From Lanjaron the road winds north easterly, through the quintessentially Andalusian mountain villages of the Taha Valley, Alpujarras, in the foothills of the immense Sierra Nevada mountain range.
Chris Stewart, with his ‘Driving over lemons’ series of books, has gone a long to put this part of the world on the tourist map, yet surprising now in early June it still feels like a rural back water thanks to its steep country roads making access less easy for tour groups or day trippers.
Pampaneira is one of the largest of these mountain villages, chock-full of artisan workshops, gift shops and bars. Although it is clearly a tourist town, it still boasts historical homes and buildings and maintains a degree of simplicity that defines the lifestyle here.
Our next stop took us further into the heart of the Alpujarras, to the tiny village of Capileira, one of the Spain’s most elevated settlements, and to the family-run Hotel Rural Finca Los Llanos.
Seated on an upper terrace, shaded by fruit trees, with views out across the sierra we enjoyed a gourmet tasting menu of market fresh salad served upon a typical Andalusian tomato salmorejo, followed by local fresh trout from the river Poquiera with classic ‘patatas a lo pobre’, (sliced potatoes pan fried in virgin olive oil)
Pudding was a homemade soft cheese torte with marmalade and mango – all washed down with wines from Granada. This is a special place, and Gloria Lopez is a true advocate for the wholesome way life here. Together with her family they have created a relaxing ambiance in which to enjoy the best of the Alpujaraas, with a strong focus on locally based gastronomy.
It’s good to see these communities rediscovering their identities based on cuisine with local provenance and tourism highlighting the surrounding wild spaces.
Bubion is a neighbouring hamlet and good base from which to explore the hiking and mountain bike trails of this part of the Alpujarras. There are also a number of workshops like the artisan carpet workshop, ‘Taller artisanal – Jarapas de Hilacar’ where you can get a glimpse of how these communities created a sustainable lifestyle. You can see firsthand the strength and patience needed to create these woollen rugs and pieces of art.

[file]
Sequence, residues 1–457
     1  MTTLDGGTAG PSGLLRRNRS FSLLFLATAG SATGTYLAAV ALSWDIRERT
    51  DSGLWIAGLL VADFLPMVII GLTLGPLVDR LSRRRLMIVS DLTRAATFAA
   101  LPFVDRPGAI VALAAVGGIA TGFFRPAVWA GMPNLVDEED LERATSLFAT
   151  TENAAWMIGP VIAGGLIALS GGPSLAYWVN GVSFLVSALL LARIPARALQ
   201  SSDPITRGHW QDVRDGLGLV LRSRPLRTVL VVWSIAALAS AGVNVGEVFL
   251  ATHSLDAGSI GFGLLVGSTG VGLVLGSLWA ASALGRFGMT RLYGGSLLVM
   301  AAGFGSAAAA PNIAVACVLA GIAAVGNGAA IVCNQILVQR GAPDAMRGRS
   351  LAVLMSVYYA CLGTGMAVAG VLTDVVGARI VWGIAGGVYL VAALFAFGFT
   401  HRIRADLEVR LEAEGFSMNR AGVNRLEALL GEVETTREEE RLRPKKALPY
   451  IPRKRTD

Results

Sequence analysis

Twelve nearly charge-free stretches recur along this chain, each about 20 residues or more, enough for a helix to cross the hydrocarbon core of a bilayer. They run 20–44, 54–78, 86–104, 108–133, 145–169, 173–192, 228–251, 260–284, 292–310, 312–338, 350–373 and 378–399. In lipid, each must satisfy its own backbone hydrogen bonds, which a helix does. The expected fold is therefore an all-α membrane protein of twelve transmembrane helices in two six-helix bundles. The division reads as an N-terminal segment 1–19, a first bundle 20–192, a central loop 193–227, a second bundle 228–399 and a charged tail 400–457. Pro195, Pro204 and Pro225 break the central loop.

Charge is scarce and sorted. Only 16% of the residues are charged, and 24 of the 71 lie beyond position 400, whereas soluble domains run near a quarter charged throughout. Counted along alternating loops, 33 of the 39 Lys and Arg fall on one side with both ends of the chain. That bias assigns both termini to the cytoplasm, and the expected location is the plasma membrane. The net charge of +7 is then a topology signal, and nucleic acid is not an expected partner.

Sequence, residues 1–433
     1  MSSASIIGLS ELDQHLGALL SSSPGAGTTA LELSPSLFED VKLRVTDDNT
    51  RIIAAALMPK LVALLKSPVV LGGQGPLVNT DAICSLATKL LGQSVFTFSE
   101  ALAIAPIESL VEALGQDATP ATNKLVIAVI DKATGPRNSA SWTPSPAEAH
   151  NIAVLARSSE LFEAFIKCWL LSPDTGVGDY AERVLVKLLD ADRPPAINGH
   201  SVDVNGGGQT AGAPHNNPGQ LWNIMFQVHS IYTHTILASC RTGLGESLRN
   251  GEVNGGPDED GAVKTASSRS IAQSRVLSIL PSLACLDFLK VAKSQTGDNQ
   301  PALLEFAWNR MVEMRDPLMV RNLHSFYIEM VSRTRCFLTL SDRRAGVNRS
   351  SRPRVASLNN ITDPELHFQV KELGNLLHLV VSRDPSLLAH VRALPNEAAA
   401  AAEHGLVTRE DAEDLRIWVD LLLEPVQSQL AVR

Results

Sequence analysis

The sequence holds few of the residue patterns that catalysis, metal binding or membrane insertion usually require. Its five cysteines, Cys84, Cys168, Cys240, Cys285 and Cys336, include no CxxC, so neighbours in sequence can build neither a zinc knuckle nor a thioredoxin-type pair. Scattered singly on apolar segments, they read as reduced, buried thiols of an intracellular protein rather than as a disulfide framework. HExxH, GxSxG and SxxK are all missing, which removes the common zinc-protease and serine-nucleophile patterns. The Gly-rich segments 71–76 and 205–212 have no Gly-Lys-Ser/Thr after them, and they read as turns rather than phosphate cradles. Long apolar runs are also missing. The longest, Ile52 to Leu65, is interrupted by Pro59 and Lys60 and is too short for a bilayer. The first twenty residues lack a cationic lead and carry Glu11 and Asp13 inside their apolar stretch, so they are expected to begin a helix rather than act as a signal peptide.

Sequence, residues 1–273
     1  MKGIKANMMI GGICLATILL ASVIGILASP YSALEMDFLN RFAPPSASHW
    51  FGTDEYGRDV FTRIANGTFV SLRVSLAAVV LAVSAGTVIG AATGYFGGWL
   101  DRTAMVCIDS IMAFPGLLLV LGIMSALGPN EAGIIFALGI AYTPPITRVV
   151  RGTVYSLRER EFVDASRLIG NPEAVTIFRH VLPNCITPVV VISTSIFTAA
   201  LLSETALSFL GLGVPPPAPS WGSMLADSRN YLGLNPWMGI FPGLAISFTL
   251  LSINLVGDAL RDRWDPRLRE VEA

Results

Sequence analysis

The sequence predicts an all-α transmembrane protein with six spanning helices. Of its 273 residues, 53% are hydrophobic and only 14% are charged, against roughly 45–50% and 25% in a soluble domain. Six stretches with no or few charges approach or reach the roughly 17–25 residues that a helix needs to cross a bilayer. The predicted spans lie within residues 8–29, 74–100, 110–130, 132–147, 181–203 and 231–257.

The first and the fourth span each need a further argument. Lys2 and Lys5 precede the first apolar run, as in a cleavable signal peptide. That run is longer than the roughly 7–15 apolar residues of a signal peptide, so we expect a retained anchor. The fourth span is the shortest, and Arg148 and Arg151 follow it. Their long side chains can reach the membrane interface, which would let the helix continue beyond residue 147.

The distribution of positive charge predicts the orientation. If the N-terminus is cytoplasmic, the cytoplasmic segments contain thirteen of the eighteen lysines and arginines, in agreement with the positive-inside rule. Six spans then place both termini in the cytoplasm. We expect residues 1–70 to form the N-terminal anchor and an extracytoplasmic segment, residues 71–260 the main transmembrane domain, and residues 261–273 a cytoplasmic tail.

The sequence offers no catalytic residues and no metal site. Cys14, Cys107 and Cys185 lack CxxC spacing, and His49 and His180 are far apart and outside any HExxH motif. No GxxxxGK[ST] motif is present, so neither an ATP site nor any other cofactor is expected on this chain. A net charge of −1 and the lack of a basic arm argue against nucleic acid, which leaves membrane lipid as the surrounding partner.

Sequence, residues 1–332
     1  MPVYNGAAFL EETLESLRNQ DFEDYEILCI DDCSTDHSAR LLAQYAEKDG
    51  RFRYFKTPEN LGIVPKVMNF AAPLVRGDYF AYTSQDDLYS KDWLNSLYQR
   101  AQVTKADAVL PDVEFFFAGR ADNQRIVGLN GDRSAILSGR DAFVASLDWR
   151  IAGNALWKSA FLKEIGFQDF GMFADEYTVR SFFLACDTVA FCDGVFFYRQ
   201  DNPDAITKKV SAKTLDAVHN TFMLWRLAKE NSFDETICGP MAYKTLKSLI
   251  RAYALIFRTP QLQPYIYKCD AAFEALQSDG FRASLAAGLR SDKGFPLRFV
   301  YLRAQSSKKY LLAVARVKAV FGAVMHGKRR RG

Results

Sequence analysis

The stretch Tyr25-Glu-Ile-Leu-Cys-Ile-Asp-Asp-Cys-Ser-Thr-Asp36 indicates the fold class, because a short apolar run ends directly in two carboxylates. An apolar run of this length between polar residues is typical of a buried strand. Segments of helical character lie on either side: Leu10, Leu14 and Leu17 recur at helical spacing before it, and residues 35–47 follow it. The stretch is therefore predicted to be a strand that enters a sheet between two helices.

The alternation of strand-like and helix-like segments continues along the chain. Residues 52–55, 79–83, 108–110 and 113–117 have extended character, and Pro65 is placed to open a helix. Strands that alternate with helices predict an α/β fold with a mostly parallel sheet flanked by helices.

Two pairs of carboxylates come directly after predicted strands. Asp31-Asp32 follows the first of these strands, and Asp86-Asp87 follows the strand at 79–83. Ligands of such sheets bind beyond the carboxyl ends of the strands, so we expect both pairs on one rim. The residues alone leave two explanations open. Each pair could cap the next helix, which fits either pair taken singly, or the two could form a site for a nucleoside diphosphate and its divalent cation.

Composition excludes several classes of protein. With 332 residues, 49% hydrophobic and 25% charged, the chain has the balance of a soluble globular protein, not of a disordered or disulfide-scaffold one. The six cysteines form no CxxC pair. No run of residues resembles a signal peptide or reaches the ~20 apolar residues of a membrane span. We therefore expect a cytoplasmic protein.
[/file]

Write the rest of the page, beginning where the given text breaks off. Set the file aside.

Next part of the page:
One of my favourite places in this part of the Alpujarras is the tiny hamlet of Mecina Findales – I have not been here for years, since I was researching the guide I contributed to for Andalucía. That time I had a wonderful meal in the ‘La Cueva de Mora Luna’, a piano and music bar run by Carlos Anibal di Palma Acuñarun, an Argentinean that makes some of the best pizzas!
We enjoyed dinner at the imaginatively named ‘La Oveja Verde’ in nearby Pitres where they also offer some lovely ‘casa rurales’ for holiday rent, with views over the valley. You just can’t imagine how peaceful it is here!
Jose and his team really went the extra mile to show us not only the warm welcome but also the variety and richness of the local, rustic food.
We stayed the night in the rural Hotel de Mecina Fondales, enjoying the genuine hospitality of Victor M. Fernandez. This is a simple hotel, but in a great location, and with lots of personal touches.
It’s a good base to head out and hike the sierra. On our route we passed an original ‘era’, an ancient threshing platform, constructed in an exposed position, so the passing wind would help separate the wheat from the chaff. Nearby is the unique ‘la Fuente Gaseosa’, an animated natural spring of fizzy water that spurts and splashes out its iron rich water.